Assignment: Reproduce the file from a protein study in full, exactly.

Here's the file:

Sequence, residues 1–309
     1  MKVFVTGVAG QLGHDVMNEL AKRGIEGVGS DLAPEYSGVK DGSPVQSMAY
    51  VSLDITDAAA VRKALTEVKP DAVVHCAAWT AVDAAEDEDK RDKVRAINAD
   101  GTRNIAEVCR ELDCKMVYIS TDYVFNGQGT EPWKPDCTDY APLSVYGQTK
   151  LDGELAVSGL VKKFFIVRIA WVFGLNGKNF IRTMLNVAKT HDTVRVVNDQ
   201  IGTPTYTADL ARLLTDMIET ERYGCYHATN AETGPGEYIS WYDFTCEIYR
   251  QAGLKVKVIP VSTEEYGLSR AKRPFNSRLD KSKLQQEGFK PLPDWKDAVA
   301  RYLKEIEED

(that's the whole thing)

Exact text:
Sequence, residues 1–309
     1  MKVFVTGVAG QLGHDVMNEL AKRGIEGVGS DLAPEYSGVK DGSPVQSMAY
    51  VSLDITDAAA VRKALTEVKP DAVVHCAAWT AVDAAEDEDK RDKVRAINAD
   101  GTRNIAEVCR ELDCKMVYIS TDYVFNGQGT EPWKPDCTDY APLSVYGQTK
   151  LDGELAVSGL VKKFFIVRIA WVFGLNGKNF IRTMLNVAKT HDTVRVVNDQ
   201  IGTPTYTADL ARLLTDMIET ERYGCYHATN AETGPGEYIS WYDFTCEIYR
   251  QAGLKVKVIP VSTEEYGLSR AKRPFNSRLD KSKLQQEGFK PLPDWKDAVA
   301  RYLKEIEED